16681817_399720307040275_6439947366367685386_n

Also, this will show you how impulsive I am, I have no pattern in mind.  I have merely cast a sufficient number of stitches onto a circular needle and I’m going for it.   The plan is to knit up to the armpits and then decide what sort of a design the jumper will take.  I have been researching stitch patterns and pullovers from a number of traditions which I have to say is phenomenal fun but hugely distracting.  The good news is that I have about 45 more rows before a decision has to be made so there’s no rush really.  If possible I would like to use a contrasting fleece….but we’ll see!

 

Bristol Hat Fine and Finished

16708243_399720290373610_8211308514630511439_n

On a recent trip to the UK I managed to finish this little lovely out of leftover Debbie Bliss yarn.  I had started it before Christmas and left it there to be finished off when I returned.  It’s always great to have a project waiting for you that you can get stuck into straight away.  On my next jaunt over I will have to apply myself big time to the great spin fest so that I can make more headway on the sweater spin challenge.  This means being highly organised and taking plenty of carded fleece and bobbins with me.

 

Broken Joint

During my last stint of spinning in the UK  I managed to break the conrod joint of the Ashford Traditional.  This is a piece of leather that attaches to the treadle.  I had a quick hunt around for some leather to replace it with and stumbled upon a pair of redundant jeans with the perfect label.  What could be better?

 

 


Leave a comment

Happy New Year…Happy New Jumper

Icelandic Sweater

Yes miracle of miracles I have completed my Icelandic yoke sweater in what, for me, is super quick time .  There is a reason for this….I have fractured a bone in my foot and have been under strict instructions to “Rest up.”  Easy for a consultant to say when you’ve just limped in the door but a pretty hard task when you have a busy life that doesn’t stop for broken bits and pieces .  While this ‘inconvenience’ did not prevent me from going to work it did allow me to take it easy the rest of the time with leg raised and needles clicking.  Every cloud…

This has meant that I have had lots of time to focus on the yoked sweater that I returned from Iceland enthusing about.  I had never knitted one before and really wanted to learn about the construction of such a garment.  Whilst in the Hand Knitting Association of Iceland shop in Reykjavik  I bought nine 50g balls of dark blue Léttlopi, and two 50g balls each of pale pink and sea green.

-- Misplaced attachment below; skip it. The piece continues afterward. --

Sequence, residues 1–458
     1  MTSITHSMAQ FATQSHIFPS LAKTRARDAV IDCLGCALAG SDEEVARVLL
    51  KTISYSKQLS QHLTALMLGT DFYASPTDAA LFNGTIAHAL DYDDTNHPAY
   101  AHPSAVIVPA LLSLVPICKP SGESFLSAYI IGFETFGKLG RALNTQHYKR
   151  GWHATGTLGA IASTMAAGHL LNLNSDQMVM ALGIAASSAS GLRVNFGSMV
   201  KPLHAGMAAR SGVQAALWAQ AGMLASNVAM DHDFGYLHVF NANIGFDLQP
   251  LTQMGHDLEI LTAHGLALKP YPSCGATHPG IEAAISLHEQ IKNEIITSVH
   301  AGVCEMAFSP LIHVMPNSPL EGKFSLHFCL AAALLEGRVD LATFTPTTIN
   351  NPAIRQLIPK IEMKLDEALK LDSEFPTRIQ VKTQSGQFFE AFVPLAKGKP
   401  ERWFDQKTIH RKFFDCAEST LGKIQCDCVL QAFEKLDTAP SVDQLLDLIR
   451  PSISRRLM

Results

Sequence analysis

I used the Anniversary Pattern from Ístex which I downloaded for free on Ravelry.  I found the instructions to be really clear and easy to follow including the chart for the pattern.  As usual I went off piste slightly by changing some of the design.  At the base of the pullover, I simplified the colour work by using a two by two pattern in the contrasting shades.  This was because I was worried that I hadn’t got enough wool.  In fact coming up to the end I hurriedly ordered some more balls from Iceland which eventually weren’t required (hats, mitts….?)

Every part of this project seemed so easy.  My major worry was the joining of the sleeves to the body to form the yoke but it actually all worked out fine.  It did seem to take an age to get around the 272 stitches that were on the needle at one point but it was only for nineteen rows as on row 20 the first of five sets of decreases commenced.

I must say that I really loved making this jumper and work started taking a go slow towards the collar as I didn’t really want it to end.  I now have no ongoing knitting here at the moment as I try to decide whether the next pullover will be a traditional gansey style or a pullover with a yoke.

 

Coats are a growing

15781021_380970062248633_1732011176156510358_n

Albie and Bootsy’s coats are starting to grow back now as it has been four and a half months since they were sheared.  Luckily, for them, we have had a really mild winter up to now.  I found it very hard to get down to the field to feed them with the bad foot so one particularly dark, muddy evening I decided to put their feed in the boot of my car and drive down to them.  All was going well until I got the car stuck in a ditch and had to get a local farmer to pull the car out the following day.

Left legged spinning

14553164_1699570933691573_8891121849396625408_n1